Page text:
Friday, March 31, 2006

What Does 2006 Hold For the Phillies?

The Good
Overall their lineup should produce plenty of pop. Chase Utley, Ryan Howard, Bobby Abreu, Pat Burrell, Aaron Rowand, and Jimmy Rollins provide six quality hitters on an every day basis.

The Bad
Third base is a major problem for the team if David Bell is “healthy”. No Phillies fan should have any confidence that Bell will produce much more than ends of rallies at the plate. His defense is fine, but replaceable.

Also, Charlie Manuel still manages the team. Somehow, he didn’t get traded to the White Sox with Jim Thome.

The Unknown
Can the pitching staff do their part? Jon Leiber and Randy Myers have shown their worth, but they only make up 40 percent of the rotation. Gavin Floyd and Ryan Madson most definitely have the stuff, but they are unproven. And what about the bullpen? Tom Gordon is a significant step back from Billy Wagner. Can Arthur Rhodes be consistent?

The Three Things That Must Happen For The Team To Be Successful
1. Ryan Howard must be a force in the middle of the lineup.
2. Bobby Abreu must have a more consistent season at the plate from April through September.
3. Gavin Floyd and Ryan Madson must produce many quality starts. This is the biggest question of all. Neither has shown at the big league level they are ready to be quality starters. If these guys falter, things could get real ugly.

The Prediction
Third place. Until Atlanta gets knocked off, they must be considered the division favorites. Also, one of these years, the Mets’ off-season moves are going to put them in the mix. Billy Wagner is a proven closer that will be 1000 times more reliable than Braden Looper ever was. The Marlins went through yet another fire sale. The Nationals should also struggle.

Wednesday, March 29, 2006

What Happens When the Unstoppable Force Meets the Immovable Object?

What happens when the unstoppable force collides with the immovable object?

It has always been a philosophical question. It is a question to which there is no real-world answer.

Until now.

While Jay Wright and the Villanova Wildcats probably weren’t aware of just how immovable the object really was as they entered this season, they found out on Sunday just how tough it is to represent the city of Philadelphia and reach the summit.

It is true in just about every sport we know and accept. Look at the Eagles. The 21st century has been good to the franchise (well, Terrell Owens and his crap aside). But, did we win a Super Bowl? No. We came close. And we only came close after years of finishing tantalizingly close to the big game. Remember Buddy Ryan? Yeah, those teams were good, too. But no big prize.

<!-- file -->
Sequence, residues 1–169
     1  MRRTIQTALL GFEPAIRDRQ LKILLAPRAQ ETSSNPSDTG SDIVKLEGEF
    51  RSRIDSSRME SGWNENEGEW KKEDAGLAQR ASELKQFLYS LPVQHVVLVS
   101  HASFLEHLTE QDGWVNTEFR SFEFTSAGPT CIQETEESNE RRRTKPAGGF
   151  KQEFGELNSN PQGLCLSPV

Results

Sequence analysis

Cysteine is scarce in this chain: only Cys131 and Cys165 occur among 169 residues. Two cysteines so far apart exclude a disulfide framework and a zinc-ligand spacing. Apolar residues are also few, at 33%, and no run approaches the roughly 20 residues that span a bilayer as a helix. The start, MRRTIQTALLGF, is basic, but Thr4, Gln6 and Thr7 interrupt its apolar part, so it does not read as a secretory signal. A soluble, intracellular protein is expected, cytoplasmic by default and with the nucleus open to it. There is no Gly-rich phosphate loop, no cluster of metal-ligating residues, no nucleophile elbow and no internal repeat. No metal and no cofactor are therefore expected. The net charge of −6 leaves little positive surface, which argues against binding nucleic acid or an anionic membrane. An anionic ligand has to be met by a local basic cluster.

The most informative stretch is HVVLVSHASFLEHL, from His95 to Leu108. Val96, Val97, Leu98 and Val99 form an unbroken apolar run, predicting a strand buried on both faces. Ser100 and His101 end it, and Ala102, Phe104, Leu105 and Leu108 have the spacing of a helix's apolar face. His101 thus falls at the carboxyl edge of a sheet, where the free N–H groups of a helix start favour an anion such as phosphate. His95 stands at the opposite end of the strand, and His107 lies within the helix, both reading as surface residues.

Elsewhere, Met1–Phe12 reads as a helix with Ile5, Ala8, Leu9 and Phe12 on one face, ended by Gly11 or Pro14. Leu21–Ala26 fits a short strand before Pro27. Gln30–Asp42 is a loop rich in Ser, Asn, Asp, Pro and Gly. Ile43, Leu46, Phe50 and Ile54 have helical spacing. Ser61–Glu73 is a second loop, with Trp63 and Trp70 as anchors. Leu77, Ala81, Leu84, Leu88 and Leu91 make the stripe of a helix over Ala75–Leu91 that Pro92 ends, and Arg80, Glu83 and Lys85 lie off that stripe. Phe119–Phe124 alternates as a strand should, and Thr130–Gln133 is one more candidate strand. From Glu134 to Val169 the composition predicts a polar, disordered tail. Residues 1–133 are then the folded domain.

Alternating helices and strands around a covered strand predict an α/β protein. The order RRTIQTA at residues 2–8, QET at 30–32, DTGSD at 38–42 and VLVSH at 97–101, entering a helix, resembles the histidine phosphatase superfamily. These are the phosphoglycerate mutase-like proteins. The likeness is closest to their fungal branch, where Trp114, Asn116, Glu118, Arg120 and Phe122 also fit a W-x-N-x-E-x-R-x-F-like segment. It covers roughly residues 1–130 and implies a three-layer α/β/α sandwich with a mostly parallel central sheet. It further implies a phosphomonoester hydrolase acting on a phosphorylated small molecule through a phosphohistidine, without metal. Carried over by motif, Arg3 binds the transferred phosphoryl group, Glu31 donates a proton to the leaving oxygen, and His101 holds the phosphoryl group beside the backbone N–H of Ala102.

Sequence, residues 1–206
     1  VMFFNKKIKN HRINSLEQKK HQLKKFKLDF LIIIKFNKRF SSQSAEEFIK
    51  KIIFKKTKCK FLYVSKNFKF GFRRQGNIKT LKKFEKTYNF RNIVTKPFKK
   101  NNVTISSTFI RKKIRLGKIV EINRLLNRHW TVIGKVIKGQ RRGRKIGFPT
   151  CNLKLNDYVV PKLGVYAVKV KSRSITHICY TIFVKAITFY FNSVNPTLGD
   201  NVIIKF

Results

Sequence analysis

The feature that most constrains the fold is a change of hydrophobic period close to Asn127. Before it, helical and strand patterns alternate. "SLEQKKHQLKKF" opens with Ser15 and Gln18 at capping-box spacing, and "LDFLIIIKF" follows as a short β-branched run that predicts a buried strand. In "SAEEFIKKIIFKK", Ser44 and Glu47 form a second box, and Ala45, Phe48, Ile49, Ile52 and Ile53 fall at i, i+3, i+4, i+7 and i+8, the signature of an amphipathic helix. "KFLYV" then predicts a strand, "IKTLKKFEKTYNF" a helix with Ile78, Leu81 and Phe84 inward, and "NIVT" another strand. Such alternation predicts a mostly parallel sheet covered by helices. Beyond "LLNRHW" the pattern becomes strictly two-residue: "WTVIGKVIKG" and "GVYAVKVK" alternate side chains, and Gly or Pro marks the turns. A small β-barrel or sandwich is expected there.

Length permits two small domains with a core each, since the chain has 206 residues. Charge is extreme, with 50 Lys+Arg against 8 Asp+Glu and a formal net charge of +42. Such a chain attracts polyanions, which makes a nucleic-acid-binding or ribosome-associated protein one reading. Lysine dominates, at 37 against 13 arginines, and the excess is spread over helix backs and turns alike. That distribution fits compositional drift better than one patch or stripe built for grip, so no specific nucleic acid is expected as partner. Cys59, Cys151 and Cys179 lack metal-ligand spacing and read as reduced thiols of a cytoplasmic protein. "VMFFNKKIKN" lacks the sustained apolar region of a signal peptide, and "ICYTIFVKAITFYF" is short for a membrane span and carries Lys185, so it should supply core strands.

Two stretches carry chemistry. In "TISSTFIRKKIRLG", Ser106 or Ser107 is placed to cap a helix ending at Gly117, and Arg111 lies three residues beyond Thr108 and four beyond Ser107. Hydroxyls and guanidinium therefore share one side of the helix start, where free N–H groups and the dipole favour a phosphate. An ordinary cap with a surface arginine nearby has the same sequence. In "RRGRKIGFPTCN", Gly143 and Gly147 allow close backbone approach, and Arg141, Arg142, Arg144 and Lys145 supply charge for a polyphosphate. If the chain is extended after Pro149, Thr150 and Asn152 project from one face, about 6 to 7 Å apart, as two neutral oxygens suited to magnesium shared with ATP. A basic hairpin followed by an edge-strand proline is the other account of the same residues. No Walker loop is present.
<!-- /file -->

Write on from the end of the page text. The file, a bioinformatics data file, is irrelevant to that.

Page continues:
Baseball? For five years, we have been hoping to just make the playoffs. In four of the last five season, we were in the hunt until the end or near the end of the season. But no invitation to the playoffs.

Hockey? I don’t think I can count how many times over the past 30 years the Flyers were supposed to be the team to bring home the Stanley Cup. In that time, we made the Stanley Cup finals 7 times. But no Stanley Cup.

Basketball? Only one Finals appearance since the last Philadelphia championship. We even won the first game in that series against the Lakers. We lost in five. No NBA championship.

College basketball? Well, since Villanova won the whole thing in 1985, the city has had four teams make it to the round of 8. One was the 1988 Villanova team, which was as surprising as the success in 1985. But the others… Temple entered the 1988 tournament as a number one seed. St. Joseph’s did the same with Jameer Nelson just a couple of years ago. The Wildcats did it this year. Each time, these number one seeds were unable to make it to College Basketball Mecca- the Final Four. Each time, these teams just one victory shy of the big show.

Heck, we can even throw horse racing into the mix. Smarty Jones came within a few feet of winning the Triple Crown, only to see a lead slip away as they came down the stretch.

That, ladies and gentlemen, is the immovable object. The Philadelphia Curse. Yep, I said it. Forget Boston. How many championships have they won? We have the curse. And the curse won’t move- very often. It takes some strange circumstances to make the curse yield.

There wasn’t much expected of the 1980 Phillies. Many predicted them to finish 4th in the 6-team National League East. But things just went really, really well. The Curse had to relent. Things weren’t quite as charmed for the 1983 and 1993 teams. The Sixers had the same kind of mojo in 1983. Ditto the 1985 Wildcats.

The immovable object has a firm plant on this city.

This year’s Villanova squad looked like the unstoppable force. The problems these guys had overcome in the past four years to be as good as they were this year… well… c’mon! They must have been destined to win the whole thing this year. From the phone card incident to the airplane back from Providence in which they thought they might land in the Atlantic Ocean to the devastating injuries to their two dominant big men (Jason Frazier and Curtis Sumpter), it would have been easy for this team to pack it in. Instead, they proceed to dominate a great many opponents this year. They were ranked in the top ten all season. They rightfully earned a number one seed in the tournament.